3 Best New Year’s Resolutions for Optimists
Live Happy, Shawn Achor & Michelle Gielan

December 26, 2017

Look to your strengths from the previous year to be your best in 2018.

To those of you who are optimists, like us, who push yourselves to exhaustion to be better every day and are way too hard on yourselves when you don’t hit your own irrationally high standards, we have some advice for you: Stop it.This time, we are approaching end-of-year goal setting in a new way. The research in Shawn’s book The Happiness Advantage shows that we have our thinking backward when we assume that success will lead to happiness when, in truth, having a positive mindset is the greatest predictor of our sustained success. Goals are important, and you may have lots of them, but the best way to achieve them is to start with positivity. So, the key to next year is focusing on the good things in this year.Our three resolutions for optimists are based on new positive psychology research.

Resolution No. 1: Be the same in the new year as you were last year.

Why does a resolution have to force you to be different? Instead of striving to do something you’ve never done before, like learn Spanish or write a novel, repeat patterns that worked well for you this year. In Before Happiness, Shawn outlines research that shows only two things motivate a brain: seeing that the finish line is close and seeing progress. So, the list you should make for Jan. 1 is not a list of “never-dones,” but rather a list of “dones”—areas you have seen progress in your life that you want to build upon.

Think back over the past year. What led to your best moments? Was it taking time to have a date night? Was it saving money so you could vacation in wine country? Whatever it was, resolve to do it again. In research, some say that the best predictor of future performance is past performance. We don’t fully agree with that because it ignores the potential for big change. In general, the only way big change can occur is by repeating a pattern of positive behavior that leads to success. So, instead of starting something new, do even more of what’s already been working for you. What’s the favorite part of who you were this year? Keep it going!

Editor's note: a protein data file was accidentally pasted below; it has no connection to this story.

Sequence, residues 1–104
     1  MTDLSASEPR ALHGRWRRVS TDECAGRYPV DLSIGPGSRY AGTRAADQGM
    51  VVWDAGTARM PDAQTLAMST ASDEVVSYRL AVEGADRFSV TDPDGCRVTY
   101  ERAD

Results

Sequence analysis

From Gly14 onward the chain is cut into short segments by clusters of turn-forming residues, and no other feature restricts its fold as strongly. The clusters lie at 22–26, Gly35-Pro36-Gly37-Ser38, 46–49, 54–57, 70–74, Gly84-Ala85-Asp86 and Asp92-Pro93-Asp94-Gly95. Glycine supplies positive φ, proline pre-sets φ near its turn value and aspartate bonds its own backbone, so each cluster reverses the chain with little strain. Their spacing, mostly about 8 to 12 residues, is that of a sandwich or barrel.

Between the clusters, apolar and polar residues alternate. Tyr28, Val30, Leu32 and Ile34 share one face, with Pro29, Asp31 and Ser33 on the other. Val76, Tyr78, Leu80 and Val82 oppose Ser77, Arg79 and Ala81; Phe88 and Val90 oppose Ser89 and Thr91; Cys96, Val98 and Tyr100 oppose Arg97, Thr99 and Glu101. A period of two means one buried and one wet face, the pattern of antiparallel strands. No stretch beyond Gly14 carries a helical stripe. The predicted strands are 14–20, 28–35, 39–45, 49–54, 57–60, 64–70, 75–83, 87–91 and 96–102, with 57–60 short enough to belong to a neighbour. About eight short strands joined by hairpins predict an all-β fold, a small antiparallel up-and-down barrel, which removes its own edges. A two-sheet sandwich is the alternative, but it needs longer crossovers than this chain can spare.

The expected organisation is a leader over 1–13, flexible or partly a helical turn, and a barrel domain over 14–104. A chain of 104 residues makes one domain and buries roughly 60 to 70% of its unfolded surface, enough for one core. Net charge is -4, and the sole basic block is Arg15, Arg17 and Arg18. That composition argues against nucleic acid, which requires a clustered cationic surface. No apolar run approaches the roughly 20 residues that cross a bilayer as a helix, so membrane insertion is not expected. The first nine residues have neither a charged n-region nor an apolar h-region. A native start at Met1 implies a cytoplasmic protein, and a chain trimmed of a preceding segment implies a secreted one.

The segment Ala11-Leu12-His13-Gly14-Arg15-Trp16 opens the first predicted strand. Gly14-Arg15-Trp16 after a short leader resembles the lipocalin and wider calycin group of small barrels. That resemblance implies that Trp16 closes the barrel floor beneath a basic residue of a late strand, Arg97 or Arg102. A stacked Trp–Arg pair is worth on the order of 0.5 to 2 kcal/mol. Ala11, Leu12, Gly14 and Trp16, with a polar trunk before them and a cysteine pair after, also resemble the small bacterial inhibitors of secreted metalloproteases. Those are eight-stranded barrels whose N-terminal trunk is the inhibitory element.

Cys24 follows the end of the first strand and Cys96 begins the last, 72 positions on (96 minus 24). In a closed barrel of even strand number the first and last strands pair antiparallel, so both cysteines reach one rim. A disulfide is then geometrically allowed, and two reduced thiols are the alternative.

Resolution No. 2: For one year, don’t repeat a previous resolution.

If starting a yoga practice has been on your list for three years and you still haven’t done it, it’s time to take it off your list. You are better off showing your brain progress rather than continually reminding it of failure. This goes along perfectly with the character strengths research that shows you are better off capitalizing on one of your strengths rather than spending all your time on fixing the weaknesses. When you beat yourself up mentally for your weak areas, you waste mental resources that could be better used on your strengths.

Resolution No. 3: Stop saying how happy you will be when you hit this goal.

There are admittedly a few hours of anticipatory joy when you make your resolutions for the next year, when you think about how amazing things will be. But that is often quickly replaced by reality. It is much better to peg your happiness to positive things in the past and good things in the present. This is scary for optimists like us who love thinking about the future and talking about new plans. We found as a couple we’d spend time on our vacation dreaming about future vacations, and in doing so, our brains were not in the present. So instead, resolve to be happy today. Do not worry that this will make you content to not grow in the next year.

The Happiness Advantage research is clear: Create happiness and every aspect of your life improves in the future. That’s incredible! Moreover, if your goal is to lose 10 pounds, that is an excellent goal. But you will not necessarily be happier, even if you think you will. We bet today alone you met several skinny people who are quite unhappy. Getting a promotion or hitting a sales target are good goals, but you will not necessarily be happier when you attain them. The gain in happiness from money is negligible. There is no known correlation between the number of books you read, how many languages you speak, whether or not you go skydiving and happiness.

So many of the things that fill up your resolutions will not make this a happier year. Things that scientifically will make you happier? Being grateful daily for the past and present. Journaling about positive experiences. Making someone else’s year better through an act of kindness. Being resolved to be happy and kind today, focusing on your strengths and giving yourself a break are the keys to your best year ever.

Originally published at Live Happy